I work in a school. So whenever I go into a public washroom, I see students – young women on their phones, taking selfies, laughing with friends, fixing their lipstick. Sometimes I have the unfortunate experience of walking into a washroom and seeing a girl crying. Most of the time, they’ve got a friend to support them through whatever is going on in their life. And sometimes I walk into a washroom and I’m reminded of an instance when I was in grade twelve, of an act of kindness that always sort of blew me away. That was nearly ten years ago, and I still think about it to this day.
It was the first day back from summer – my first day of my last year of high school. I’d signed up for an art class that was meant to focus on theatre set and costume design. Due to an underwhelming registration for that class, they’d merged it with the grade twelve art students’ class. I hadn’t taken art since grade nine, and these guys were all naturals. The teacher told us to draw a person’s face in two minutes – just a rough sketch using techniques we’d learned (which I hadn’t learned, because I wasn’t an art student). He came around to my desk and told me I was doing it wrong. Each similar exercise, he’d approach me and said I needed to draw faster: I wasn’t doing it right; I wasn’t good enough. Eventually he just didn’t walk around the class anymore, he just stood in front of my desk and criticized me in front of everyone. Finally, I’d had enough. I threw my pencil down and stormed out of the room, not waiting to burst into tears until I’d reached the girls’ bathroom. I don’t like any sort of attention, and all of his negativity was terrible.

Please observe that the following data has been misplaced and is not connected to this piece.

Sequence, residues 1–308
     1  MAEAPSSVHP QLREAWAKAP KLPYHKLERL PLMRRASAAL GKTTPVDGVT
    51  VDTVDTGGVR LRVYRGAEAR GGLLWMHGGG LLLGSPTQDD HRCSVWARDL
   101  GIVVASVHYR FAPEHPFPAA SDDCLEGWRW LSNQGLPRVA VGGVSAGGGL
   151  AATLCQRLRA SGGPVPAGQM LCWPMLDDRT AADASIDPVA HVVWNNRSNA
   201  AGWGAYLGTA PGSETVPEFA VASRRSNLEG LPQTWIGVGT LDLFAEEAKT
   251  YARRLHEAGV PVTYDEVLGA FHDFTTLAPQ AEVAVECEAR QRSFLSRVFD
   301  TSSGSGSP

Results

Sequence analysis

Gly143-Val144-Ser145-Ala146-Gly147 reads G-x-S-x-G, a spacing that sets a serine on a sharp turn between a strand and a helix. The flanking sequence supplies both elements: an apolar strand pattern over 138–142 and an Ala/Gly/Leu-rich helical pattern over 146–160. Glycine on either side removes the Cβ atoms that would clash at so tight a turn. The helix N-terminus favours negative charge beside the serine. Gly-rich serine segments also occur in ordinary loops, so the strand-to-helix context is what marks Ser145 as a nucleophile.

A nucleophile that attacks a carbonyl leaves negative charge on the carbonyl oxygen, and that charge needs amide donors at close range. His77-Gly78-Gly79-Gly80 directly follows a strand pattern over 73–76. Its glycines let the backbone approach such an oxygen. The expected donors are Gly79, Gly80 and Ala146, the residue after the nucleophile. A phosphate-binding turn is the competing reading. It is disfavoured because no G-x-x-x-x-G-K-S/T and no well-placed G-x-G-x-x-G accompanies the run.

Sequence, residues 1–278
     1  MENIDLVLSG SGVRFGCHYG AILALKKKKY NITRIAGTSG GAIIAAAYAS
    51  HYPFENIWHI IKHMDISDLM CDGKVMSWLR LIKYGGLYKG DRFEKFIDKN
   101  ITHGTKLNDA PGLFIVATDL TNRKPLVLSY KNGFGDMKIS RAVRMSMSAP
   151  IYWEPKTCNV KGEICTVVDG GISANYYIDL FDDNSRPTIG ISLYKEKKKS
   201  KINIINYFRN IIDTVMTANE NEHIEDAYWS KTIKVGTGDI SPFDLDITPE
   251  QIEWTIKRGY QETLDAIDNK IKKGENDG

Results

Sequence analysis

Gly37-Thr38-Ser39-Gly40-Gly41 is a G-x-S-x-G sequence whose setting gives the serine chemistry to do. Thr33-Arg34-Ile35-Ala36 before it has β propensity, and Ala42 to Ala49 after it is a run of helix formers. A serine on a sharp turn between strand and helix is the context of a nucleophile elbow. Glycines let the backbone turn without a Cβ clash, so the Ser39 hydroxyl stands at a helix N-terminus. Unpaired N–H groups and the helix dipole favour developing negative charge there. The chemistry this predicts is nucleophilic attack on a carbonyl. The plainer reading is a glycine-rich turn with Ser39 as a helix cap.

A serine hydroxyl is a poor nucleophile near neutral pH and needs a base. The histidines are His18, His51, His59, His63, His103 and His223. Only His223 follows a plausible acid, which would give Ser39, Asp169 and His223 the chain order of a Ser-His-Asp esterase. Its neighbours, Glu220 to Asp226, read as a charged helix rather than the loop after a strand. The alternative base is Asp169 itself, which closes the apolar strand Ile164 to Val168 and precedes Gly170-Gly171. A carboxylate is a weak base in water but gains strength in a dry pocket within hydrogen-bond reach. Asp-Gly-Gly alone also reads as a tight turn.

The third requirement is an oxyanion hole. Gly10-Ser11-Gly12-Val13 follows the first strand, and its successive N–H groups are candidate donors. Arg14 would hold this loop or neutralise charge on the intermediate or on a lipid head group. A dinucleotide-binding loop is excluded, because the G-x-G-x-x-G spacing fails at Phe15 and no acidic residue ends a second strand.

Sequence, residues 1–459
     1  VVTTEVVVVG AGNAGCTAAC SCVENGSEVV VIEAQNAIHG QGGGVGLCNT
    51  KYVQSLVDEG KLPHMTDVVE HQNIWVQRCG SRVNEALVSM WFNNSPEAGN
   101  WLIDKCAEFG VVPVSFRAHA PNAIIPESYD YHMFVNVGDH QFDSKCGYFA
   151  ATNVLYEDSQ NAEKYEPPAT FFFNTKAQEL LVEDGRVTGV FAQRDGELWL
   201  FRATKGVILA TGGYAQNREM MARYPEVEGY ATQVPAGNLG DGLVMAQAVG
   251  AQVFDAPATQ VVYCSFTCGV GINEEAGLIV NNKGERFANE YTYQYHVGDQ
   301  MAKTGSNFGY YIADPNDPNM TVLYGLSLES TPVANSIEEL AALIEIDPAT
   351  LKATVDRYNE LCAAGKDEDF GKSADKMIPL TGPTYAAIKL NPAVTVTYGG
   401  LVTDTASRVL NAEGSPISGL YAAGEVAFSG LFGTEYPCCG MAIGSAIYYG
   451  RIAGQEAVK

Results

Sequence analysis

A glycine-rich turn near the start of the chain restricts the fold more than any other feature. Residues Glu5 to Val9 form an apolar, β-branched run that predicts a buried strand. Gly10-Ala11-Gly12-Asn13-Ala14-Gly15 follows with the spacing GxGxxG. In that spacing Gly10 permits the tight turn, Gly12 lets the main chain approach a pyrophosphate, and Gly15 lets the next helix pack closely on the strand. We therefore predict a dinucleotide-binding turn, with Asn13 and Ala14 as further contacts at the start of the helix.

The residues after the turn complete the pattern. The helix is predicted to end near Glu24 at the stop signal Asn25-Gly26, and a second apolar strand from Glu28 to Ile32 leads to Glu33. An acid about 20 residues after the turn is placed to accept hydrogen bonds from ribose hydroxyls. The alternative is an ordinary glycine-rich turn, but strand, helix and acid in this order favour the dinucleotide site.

I locked myself in a stall and started sobbing. Was this what grade twelve was going to be? It was only the first day and I already couldn’t handle the stress.
That’s when I heard a timid knock on the stall door. Quiet and curious. Then, a voice as small as her knock. “Um, hi – are you okay in there?”
I sniffled and wiped my face, even though she couldn’t see me. “Yeah.” She obviously knew that was a lie, so I back-tracked. “No, I don’t know.”
“Do you want to talk?” Really? This girl actually cared enough to talk me down from this? I sighed and opened the door. The girl was tiny. I barely remember what she looked like, but I remember she was smaller than me. “Are you okay?”
I explained what happened with my art teacher, and the girl shook her head. “What grade are you in?” she asked me. I told her twelve. Then she said the part that blew my mind. “I’m in grade nine.”
It was this girl’s first day of high school. She should have been terrified. Intimidated. Hoping just to get herself through the day. But this thirteen/fourteen-year-old girl had the courage to step up and knock on that door. And even though I was quietly sniffling into my tissue paper, she kept talking. “I can’t imagine how hard grade twelve is going to be. You’ve got to start thinking about graduation and school is getting harder… This is only my first day of grade nine, and it’s a little scary. But that teacher seems mean. Do you think you can drop the class?”
I’d never considered dropping a class in my life. I loved school a lot. But I didn’t need it to graduate. I could have a spare period. She was being the logical one and talking me down from my anxiety attack. “Yeah, I think I could.”
“If you don’t like the teacher, and you don’t like the class, maybe stick it out for a few days and if you still don’t like it – drop it.”
“Do you want a hug?”
“Sure.” I smiled as this girl wrapped her arms around me and actually squeezed. Not one of those awkward stranger hugs where you’re hoping to not have any more physical contact than absolutely necessary, but an actual, meaningful hug.
“You got this. You’re almost done. You’ll be okay.”
I left the bathroom smiling through my reddened face, and didn’t return back to the classroom until 5 minutes before the bell. I ended up dropping the class the next day and saving myself a whole lot of unnecessary stress.
Often times I think about how brave that grade nine girl was. If I was in her shoes – the first day of high school, I’d be keeping my nose down. But that girl stepped up, talked me down from an anxiety attack, and was a friend when I needed one. I never learned her name, and I don’t think I ever saw her again. But the fact that she reached out and helped me did not go unnoticed.
Those random acts of kindness really do matter.